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Steven C. Miller’s homage to the classic 80s youth horror films like Gremlins, Under the Bed is a valiant if wholly uninteresting entry into the genre. The low budget film follows the story of Neal (Jonny Weston), a troubled teen who is returning home after having burned down his house and inadvertently killing his mother in an attempt to kill a monster living under his bed two years earlier. Now back and everyone thinking he his mentally unstable, he realizes that the same monster is still alive and after his younger brother Paulie (Gattlin Griffith). With their father virtually on the verge of a psychotic break and a new stepmother who seems to be on eggshells around Neal, the two brothers, glad to finally be back in each other’s presence, take on the herculean task of finally ridding their house and their family of the crude beast that is threatening them and tearing their family apart.
A mixture of slow, atmospheric thriller and dysfunctional family drama in the early part of the film, and in the second-half and straight on creature feature, Under the Bed increasingly becomes convoluted and, well, far too dull for the genre it seeks to pay tribute to. I don’t think you’ll find too many tweens or early-teens that would even make it through the slow-moving first half of this film. The “R” rating probably negates that issue anyway, so it is rather difficult to determine whom exactly this film is targeted toward. The story moves from the ridiculous (the brothers’ father locks them in their bedroom) to the sublime. (I won’t give that away, just in case you still want to watch).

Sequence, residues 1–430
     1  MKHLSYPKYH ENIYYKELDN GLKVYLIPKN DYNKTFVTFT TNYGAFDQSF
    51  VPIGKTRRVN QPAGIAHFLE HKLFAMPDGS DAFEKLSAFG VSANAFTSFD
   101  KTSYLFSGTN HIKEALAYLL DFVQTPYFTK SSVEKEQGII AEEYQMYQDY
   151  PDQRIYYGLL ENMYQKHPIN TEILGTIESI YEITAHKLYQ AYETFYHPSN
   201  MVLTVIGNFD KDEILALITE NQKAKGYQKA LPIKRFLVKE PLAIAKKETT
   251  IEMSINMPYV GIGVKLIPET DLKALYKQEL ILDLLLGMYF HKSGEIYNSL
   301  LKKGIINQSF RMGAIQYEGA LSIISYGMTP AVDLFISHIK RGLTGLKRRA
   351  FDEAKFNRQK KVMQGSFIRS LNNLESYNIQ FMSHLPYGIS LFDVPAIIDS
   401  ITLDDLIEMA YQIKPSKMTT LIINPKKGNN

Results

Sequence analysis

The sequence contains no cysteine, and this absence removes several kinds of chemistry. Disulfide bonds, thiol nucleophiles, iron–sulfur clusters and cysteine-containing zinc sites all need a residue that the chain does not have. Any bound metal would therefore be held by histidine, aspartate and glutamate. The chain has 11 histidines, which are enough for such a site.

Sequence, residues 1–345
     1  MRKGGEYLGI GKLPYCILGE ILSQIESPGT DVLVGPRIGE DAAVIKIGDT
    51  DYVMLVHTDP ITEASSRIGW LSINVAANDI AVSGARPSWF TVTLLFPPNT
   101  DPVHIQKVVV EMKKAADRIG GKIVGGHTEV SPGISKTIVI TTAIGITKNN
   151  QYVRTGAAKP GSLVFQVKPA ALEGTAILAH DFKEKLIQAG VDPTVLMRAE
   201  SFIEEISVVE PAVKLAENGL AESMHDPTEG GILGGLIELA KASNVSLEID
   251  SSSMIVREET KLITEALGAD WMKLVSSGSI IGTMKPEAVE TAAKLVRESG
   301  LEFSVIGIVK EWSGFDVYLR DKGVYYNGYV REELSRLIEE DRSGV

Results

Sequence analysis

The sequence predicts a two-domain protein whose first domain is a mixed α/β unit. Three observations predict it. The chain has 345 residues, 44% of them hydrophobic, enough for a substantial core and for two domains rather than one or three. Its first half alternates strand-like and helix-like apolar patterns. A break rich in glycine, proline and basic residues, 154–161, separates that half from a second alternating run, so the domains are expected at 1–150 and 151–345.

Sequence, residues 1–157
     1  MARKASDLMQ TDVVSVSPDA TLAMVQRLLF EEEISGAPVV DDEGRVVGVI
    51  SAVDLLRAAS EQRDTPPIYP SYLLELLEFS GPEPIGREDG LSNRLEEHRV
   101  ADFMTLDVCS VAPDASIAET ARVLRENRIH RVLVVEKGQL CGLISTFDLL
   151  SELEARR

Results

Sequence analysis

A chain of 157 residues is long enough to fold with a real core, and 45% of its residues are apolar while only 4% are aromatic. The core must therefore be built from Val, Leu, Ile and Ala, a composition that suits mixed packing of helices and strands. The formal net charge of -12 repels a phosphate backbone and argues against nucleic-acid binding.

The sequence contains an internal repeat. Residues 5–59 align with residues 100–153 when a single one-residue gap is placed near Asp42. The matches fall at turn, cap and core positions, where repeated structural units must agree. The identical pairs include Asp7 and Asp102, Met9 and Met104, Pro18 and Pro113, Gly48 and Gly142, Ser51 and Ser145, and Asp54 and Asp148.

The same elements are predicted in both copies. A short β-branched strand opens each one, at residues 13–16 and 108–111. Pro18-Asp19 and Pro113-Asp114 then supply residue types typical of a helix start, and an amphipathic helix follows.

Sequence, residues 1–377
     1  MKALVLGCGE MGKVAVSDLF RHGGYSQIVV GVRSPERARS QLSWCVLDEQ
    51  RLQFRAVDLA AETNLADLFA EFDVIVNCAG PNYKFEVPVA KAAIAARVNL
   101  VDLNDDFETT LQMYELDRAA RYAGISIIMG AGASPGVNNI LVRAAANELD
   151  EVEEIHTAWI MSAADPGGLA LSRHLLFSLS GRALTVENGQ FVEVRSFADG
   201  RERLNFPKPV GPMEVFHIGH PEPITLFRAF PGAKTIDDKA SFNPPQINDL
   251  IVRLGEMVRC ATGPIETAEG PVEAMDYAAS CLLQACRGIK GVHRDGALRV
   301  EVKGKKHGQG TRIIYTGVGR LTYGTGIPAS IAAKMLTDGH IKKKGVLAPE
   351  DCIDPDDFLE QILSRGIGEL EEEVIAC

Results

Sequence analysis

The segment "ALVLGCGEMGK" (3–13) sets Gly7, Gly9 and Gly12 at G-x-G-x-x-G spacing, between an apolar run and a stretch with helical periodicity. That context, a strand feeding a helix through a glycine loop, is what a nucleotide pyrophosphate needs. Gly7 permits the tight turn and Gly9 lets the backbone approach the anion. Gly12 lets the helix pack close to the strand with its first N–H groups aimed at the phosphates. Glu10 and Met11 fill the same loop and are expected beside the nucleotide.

At the very least, Miller does make the most of his meager budget, providing what looks like a bigger film than it actually is, but this doesn’t necessarily translate into actual scares, unless you believe a lot of shots of kids staring under a bed is scary.
Under the Bed was shot in high definition on the Red One MX with Panavision Primo, C- and E-Series lenses, so it should look rather good, unfortunately, it only looks average encoded on this BD-25 disc in AVC/MPEG-4 at 1080p. Detail is on the softer side, blacks tend to look a bit more charcoal grey at times, and there are definite digital artifacts like banding, noise, and posterization.
The soundtrack for Under the Bed is just as you want the sound to be for a horror film – it’s atmospheric, dynamic, and hits with the right amount of impact during the jump scares. The dialogue is clear and natural in sound as well.
They only give us the original trailer (2.35:1; 1080p/24).
The Definitive Word
The idea behind Under the Bed a so-called “suburban nightmare” sounds great on paper, but this production is poorly executed. It could have been so much better.
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